Magazine article International Bulletin of Missionary Research
Mission in Bold Humility: David Bosch's Work Considered
Mission in Bold Humility: David Bosch's Work Considered.
Edited by Willem Saayman and Klippies Kritzinger. Maryknoll, N.Y.: Orbis Books, 1996. Pp. viii, 184. Paperback $20.
Does a missiologist merit a second Festscrift? Yes, if his name is David Bosch, the noted former dean of the Faculty of Theology at the University of South Africa (UNISA). In 1990 members of the Southern African Missiological Society honored their founder-president with a first Festscrift, entitled Mission in Creative Tension: A Dialogue with David Bosch. This second Festscrift complements the first. Following Bosch's untimely death in 1992, the editors, his longtime colleagues in the missiology faculty at UNISA, gathered appraisals of his work by distinguished missiologists outside South Africa.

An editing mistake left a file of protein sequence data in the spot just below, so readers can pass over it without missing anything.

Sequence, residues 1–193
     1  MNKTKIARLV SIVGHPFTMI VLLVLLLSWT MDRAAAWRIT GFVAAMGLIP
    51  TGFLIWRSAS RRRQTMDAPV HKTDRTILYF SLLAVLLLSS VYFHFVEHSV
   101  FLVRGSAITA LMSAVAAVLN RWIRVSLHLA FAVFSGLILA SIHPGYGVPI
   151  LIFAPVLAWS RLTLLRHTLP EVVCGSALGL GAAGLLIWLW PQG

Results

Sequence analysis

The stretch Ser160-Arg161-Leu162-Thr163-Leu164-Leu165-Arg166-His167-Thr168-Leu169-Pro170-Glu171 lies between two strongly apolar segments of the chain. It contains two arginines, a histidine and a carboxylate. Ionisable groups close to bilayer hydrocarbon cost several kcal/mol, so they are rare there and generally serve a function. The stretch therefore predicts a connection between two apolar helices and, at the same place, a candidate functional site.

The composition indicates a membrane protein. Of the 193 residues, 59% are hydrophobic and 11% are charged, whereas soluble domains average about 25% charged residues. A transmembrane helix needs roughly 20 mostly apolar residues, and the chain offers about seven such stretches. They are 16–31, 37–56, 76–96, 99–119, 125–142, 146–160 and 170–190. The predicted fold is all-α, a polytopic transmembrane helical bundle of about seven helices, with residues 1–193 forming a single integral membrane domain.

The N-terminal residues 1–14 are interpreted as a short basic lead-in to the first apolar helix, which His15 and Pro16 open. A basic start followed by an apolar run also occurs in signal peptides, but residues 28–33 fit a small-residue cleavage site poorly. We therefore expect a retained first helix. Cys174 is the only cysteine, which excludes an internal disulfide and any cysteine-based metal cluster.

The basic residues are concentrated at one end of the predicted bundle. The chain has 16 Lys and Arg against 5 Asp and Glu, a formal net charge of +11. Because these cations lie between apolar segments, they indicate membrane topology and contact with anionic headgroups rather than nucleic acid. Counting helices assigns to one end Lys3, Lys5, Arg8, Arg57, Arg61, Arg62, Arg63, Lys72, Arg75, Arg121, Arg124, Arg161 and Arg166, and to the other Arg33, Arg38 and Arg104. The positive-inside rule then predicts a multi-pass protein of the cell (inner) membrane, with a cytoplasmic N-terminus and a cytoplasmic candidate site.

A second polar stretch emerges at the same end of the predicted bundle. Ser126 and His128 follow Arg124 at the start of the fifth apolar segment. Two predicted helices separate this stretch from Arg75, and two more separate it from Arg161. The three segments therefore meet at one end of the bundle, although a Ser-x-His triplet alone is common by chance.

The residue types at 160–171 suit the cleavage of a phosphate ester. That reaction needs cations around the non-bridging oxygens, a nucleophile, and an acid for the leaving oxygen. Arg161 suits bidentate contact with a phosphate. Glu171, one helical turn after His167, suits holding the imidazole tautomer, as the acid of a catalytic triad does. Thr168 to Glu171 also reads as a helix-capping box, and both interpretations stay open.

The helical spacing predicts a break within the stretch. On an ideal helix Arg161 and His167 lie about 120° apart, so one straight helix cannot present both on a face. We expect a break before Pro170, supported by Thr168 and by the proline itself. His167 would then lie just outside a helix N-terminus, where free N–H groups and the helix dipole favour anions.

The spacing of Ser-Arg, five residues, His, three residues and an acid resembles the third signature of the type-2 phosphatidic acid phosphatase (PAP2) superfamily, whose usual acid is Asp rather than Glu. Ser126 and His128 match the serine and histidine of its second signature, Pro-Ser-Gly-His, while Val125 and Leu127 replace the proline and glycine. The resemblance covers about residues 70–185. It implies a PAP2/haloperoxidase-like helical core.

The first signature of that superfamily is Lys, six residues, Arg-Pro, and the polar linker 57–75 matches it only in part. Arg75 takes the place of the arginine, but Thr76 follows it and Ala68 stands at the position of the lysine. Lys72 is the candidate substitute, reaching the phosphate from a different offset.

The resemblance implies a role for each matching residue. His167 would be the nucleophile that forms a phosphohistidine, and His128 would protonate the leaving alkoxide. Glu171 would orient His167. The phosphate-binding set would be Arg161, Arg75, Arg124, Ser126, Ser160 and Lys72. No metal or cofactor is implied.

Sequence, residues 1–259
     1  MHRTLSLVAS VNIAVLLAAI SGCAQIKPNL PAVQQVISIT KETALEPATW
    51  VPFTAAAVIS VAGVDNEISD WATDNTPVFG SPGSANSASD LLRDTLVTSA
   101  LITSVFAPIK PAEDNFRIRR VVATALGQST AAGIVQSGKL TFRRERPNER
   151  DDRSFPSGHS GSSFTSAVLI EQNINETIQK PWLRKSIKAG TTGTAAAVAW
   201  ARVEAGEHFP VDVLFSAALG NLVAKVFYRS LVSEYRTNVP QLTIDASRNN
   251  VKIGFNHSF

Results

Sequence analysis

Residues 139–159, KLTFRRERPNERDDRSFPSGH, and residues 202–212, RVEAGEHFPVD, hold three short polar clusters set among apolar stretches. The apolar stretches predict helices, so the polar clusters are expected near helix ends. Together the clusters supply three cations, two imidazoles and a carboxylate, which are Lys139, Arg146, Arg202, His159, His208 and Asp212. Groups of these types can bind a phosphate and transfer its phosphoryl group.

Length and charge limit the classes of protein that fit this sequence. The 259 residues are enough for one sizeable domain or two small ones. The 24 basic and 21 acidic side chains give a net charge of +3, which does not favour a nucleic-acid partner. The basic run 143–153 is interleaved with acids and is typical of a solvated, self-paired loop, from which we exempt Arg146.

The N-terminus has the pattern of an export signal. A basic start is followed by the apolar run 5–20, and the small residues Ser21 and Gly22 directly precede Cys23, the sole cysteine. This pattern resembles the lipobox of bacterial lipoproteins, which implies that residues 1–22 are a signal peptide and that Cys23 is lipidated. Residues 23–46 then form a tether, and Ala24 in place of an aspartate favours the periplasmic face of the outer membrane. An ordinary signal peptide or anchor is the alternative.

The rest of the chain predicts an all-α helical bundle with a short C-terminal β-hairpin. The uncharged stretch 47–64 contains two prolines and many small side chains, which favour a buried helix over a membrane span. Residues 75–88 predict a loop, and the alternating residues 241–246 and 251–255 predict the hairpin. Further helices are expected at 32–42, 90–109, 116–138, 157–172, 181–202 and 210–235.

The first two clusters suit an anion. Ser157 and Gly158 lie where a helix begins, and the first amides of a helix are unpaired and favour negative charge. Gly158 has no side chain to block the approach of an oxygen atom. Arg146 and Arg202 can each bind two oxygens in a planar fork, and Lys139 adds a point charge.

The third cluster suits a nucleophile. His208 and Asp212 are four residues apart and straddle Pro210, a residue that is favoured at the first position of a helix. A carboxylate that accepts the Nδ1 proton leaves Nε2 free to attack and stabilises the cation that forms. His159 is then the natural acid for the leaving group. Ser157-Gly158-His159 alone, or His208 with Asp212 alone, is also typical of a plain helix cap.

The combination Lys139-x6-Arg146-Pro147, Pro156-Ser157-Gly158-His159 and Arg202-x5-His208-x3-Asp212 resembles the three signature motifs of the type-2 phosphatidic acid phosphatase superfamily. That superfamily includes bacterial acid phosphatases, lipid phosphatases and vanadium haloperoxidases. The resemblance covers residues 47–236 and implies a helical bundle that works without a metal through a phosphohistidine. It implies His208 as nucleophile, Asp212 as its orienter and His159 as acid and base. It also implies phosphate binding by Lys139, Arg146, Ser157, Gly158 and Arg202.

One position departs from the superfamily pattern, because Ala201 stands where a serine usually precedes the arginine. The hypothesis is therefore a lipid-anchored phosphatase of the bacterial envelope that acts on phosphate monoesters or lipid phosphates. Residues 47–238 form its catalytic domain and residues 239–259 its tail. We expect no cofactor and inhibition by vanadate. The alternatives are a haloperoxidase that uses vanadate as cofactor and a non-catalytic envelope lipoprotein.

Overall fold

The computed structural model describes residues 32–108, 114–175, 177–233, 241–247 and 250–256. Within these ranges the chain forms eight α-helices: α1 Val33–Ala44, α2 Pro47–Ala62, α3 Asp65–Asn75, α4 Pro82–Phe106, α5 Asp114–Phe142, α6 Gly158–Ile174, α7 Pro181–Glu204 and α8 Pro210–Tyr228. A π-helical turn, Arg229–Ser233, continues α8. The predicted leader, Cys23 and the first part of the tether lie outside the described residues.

It contains three types of essays. Six are appraisals of Bosch's work. Remarkably, they contain little duplication. The editors assess Bosch as a South African church leader. Frans Verstraelen summarizes and critiques his writings-in English, Dutch, and Afrikaans-for content and relevance to Africa. Those by Willem Saayman, John Pobee, and Christopher Sugden evaluate the importance of his thought respectively for South Africa, African theology, and that of the TwoThirds World. Emilio Castro adds a personal reflection on Bosch as an "ecumenical personality" (pp. 162-66).
In three essays contributors develop important themes raised by Bosch: eschatology (Jacob Kavunkal), the mission dynamic-missio Dei (Wilbert Shenk), and theology of religions (Gerald Anderson). …